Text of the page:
A solariX XR FT-ICR MS instrument (Bruker Daltonics GmbH & Co. KG, Bremen, Germany) equipped with a 9.4 T refrigerated, actively shielded superconducting magnet (Bruker France S.A.S., Wissembourg, France) and a ParaCell analyzer cell was used for the analysis in this study. An electrospray ionization (ESI) source (Bruker Daltonics GmbH & Co. KG, Bremen, Germany) at the negative ion mode was used to ionize the organics. ESI is a soft ionization technique that offers minimal fragmentation of the analytes (Mazzoleni et al., 2010). [M-H] was detected at the negative ion mode. The coupling of ESI and FT-ICR MS with ultra-high-mass resolution makes it possible to characterize the element constitution within molecules. Note that ESI is efficient at ionizing molecules having polar functional groups containing nitrogen and oxygen atoms (Cho et al., 2015). The direct infusion method was used in this study. The samples were redissolved in 1 mL of methanol and injected into an ESI source at a flow rate of 200 µL h−1. A nebulizer gas pressure of 1 bar, a dry gas velocity of 4 L min−1 and temperature of 200 C, and capillary voltages of +4500 V and the end plate offset −500 V were used for the ESI source. The optimized mass for quadrupole (Q1) was 170 Da. An argon-filled hexapole collision pool was operated at 2 MHz and 1400 Vp-p (volts; peak to peak) RF (radio frequency) amplitude. The time of flight was 0.7 ms, the mass range was 150–800 Da, and the ion accumulation time was 0.1 s. A total of 128 continuous 4 mega-data FT-ICR transients were co-added to enhance the signal-to-noise ratio and dynamic range. A typical mass-resolving power (m/Δm 50 %, where Δm50 % is the magnitude of the mass spectral peak full width at half-maximum peak height) of more than 450 000 at m/z 319 with <0.3 ppm (parts per million) absolute mass error was achieved. The mass spectra were calibrated externally using measurements of a known homologous series of N1 and O2 molecules (e.g., C16H31O2, C17H33O2, C18H35O2, etc., that was only separated by −CH2 units) frequently detected in a crude oil sample before sample detection. The final spectrum was internally recalibrated with typical class species peaks in cloud water samples (−O4 species) using quadratic calibration in DataAnalysis 5.0 (Bruker Daltonics GmbH & Co. KG, Bremen, Germany; Jiang et al., 2019). All the mathematically possible formulas for all the ions with a signal-to-noise ratio greater than 10, considering a mass tolerance of ±0.6 ppm, were calculated. The maximum numbers of atoms for the formula calculator were set to 30 12C, 60 1H, 20 16O, 2 14N, 2 32S, 1 13C, 1 18O, and 1 34S. Formulas assigned to isotopomers (i.e., 13C, 18O, or 34S) were not discussed in this study. Thus, the chemical formula CcHhOoNnSs was obtained. Future selecting was applied using the following criteria to exclude formulas not detected frequently in natural materials: O/C 1.2, 0.3 H/C 2.25, N/C 0.5, S/C 0.2, 2C + 2 > H, C + 2 > O, and obeying N rule. Finally, only intensities of sample ion peaks enhanced at least 100 times higher than those in the blank were retained for further data analysis in order to avoid possible contamination. The double bond equivalent (DBE) can be used to evaluate the number of rings and double bonds in a molecule (An et al., 2019). The DBE of each assigned molecular formula (CcHhOoNnSs) was calculated as follows:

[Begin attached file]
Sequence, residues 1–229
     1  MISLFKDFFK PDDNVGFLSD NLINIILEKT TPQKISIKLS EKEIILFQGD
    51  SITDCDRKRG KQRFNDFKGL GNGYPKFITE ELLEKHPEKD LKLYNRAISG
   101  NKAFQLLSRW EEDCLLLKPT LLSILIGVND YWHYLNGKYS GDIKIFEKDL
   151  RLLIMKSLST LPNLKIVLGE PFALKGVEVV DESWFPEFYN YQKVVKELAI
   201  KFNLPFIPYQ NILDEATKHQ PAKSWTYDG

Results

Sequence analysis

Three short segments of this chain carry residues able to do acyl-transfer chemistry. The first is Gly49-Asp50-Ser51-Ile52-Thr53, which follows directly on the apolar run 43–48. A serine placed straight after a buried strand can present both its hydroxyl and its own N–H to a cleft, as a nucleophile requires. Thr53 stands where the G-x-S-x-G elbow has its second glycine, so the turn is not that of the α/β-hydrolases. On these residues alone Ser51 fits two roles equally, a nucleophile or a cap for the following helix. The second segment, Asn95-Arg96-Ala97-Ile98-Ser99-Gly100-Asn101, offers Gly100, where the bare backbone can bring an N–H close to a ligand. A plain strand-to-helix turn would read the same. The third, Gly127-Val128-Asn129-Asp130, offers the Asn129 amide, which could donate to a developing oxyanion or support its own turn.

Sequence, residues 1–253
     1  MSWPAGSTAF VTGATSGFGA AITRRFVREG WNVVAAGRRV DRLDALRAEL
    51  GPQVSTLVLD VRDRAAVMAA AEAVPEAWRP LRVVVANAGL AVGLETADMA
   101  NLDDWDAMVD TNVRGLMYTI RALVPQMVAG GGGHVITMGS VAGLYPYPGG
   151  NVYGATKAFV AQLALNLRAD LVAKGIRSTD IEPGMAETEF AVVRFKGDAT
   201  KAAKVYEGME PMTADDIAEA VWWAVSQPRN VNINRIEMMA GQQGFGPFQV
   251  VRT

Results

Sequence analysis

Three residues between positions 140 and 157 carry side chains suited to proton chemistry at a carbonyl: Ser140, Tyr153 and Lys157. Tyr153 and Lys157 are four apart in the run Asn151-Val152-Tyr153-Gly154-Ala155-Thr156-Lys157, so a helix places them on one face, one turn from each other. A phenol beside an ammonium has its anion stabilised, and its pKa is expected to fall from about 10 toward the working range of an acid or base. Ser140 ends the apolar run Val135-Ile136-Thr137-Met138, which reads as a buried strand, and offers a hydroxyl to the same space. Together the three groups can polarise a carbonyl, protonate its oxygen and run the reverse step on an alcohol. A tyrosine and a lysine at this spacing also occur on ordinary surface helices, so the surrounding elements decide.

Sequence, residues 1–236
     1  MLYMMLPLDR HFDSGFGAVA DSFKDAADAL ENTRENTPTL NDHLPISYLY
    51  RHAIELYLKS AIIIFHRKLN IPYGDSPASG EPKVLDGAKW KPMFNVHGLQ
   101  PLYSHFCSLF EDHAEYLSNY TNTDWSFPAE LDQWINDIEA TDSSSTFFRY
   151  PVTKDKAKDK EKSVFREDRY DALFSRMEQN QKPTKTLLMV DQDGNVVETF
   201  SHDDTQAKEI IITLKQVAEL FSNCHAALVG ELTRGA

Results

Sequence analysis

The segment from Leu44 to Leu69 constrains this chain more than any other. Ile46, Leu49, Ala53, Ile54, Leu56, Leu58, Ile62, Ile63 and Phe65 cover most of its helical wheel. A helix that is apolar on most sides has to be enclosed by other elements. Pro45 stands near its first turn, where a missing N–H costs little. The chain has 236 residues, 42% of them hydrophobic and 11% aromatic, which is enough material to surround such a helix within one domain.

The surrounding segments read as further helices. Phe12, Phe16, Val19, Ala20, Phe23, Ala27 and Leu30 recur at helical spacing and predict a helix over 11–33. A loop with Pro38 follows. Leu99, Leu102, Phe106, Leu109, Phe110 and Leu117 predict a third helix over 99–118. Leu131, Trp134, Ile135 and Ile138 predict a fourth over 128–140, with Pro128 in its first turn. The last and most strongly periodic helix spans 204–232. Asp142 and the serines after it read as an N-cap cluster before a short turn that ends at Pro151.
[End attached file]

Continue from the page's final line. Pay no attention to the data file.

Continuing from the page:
The oxidation state of carbon atoms (OSC) was calculated as follows, based on the approximation described in Kroll et al. (2011) and Brege et al. (2018):